This vista, which was the timeless companion of Native Americans, alerted the first European settlers to the granduer of the land they came to conquer. Generations later, the Palisades were celebrated by a group of artists called the Hudson River School.
The public’s interest in preserving the Palisades was apparent to one of our nation’s earliest and most vigorous naturalists, Theodore Roosevelt. As governor of New York and in partnership with New Jersey Governor Foster Voorhees, a Palisades Park Commission was created in 1900 to prevent the rock face from being reduced to rubble by mining operations in the late 18th century.
It was the demolition of a feature called Indian Head in 1898 that galvanized a citizen movement, that included the New Jersey Federation of Women’s Clubs, to stop the quarry operations and save the cliffs. The Federation continues their role as custodian of the Palisades and as an active opponent to the LG tower.
In 1930, the land on top of the Palisades, extending north 13 miles to the New York State border, was acquired by John D. Rockefeller, Jr. Of that parcel, 2500 acres were donated to the Palisades Park. The Palisades Interstate Park Commission was established in 1937 with five commissioners to be appointed by the governor of each state. The Palisades Interstate Parkway was opened in 1958 and is owned and operated by the Interstate Park Commission. The road is called a “parkway” because, with the exception of rest areas and gas stations, there is a prohibition against commercial development along the route.
Opponents to the LG plan are not questioning the right of the corporation to build on their land that is adjacent to the Palisades Interstate Park. The fear is that if the tradition that kept development below 35 feet is broken, there will be a skyscraper stampede. Counter proposals suggest that a 65 foot tower would not violate the century-long truce between public and private use of the Palisades, by keeping the building below the treeline.
The impact of overdevelopment is not just an aesthetic, but also an existential concern. On May 12, 2012, an avalanche demonstrated the fragile nature of the Palisades Cliffs. Those who live around Hook Mountain can attest to the dynamic nature of rocks when they are assembled vertically.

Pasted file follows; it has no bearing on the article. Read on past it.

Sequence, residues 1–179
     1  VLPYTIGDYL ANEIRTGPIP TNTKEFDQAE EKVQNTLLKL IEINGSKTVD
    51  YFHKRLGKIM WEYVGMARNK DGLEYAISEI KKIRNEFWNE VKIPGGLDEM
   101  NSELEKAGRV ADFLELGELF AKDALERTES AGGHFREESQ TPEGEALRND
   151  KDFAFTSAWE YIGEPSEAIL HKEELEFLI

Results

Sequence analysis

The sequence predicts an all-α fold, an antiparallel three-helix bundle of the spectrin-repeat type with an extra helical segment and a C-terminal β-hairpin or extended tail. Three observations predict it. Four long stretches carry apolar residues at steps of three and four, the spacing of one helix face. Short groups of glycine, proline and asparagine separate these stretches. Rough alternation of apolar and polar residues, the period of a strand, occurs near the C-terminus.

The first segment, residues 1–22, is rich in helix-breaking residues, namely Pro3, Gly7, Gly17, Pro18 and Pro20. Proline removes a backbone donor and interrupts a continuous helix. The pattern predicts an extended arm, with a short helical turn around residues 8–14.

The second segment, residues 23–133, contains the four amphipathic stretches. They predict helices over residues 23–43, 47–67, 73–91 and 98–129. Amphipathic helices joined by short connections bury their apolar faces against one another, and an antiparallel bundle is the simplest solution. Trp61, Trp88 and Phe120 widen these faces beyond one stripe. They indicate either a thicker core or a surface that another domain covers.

The shaking produced by the collapse of the 500-foot rock face was strong enough to be registered by a seismic station a mile and a half away at Columbia University’s Lamont-Doherty Earth Observatory (LDEO).
“The rocks fell on a shoreline trail called Giant Stairs, a massive boulder field created by several thousand years of accumulated rock slides.” According to LDEO’s State of the Planet blog. Eric Nelsen, an educator at Palisades Interstate Park, said the rock fall was “the biggest I have seen in my 20 years with the park service.”
On January 7, 2014, Kristina M. Heister, National Park Service Chief of Natural Resources for the Northeast Region, reached out to the Englewood Cliffs Planning Board in opposition to the project. “Given the size of the property in question it seems entirely possible for the development to achieve its needs and conform to the borough’s existing zoning regulations. We believe it is in the best interest to do so in order to protect this outstanding example of our nation’s natural history and the public interest.” Heister also noted that the “Palisades are both a National Historic Landmark (NHL) and a National Natural Landmark, a rare dual designation.”
The Palisades Cliffs, a national and regional treasure, already have two strikes against them: gravity and erosion. Unfettered development on the edges of this fragile natural landmark might just be strike three.
Aerial photo courtesy Protect the Palisades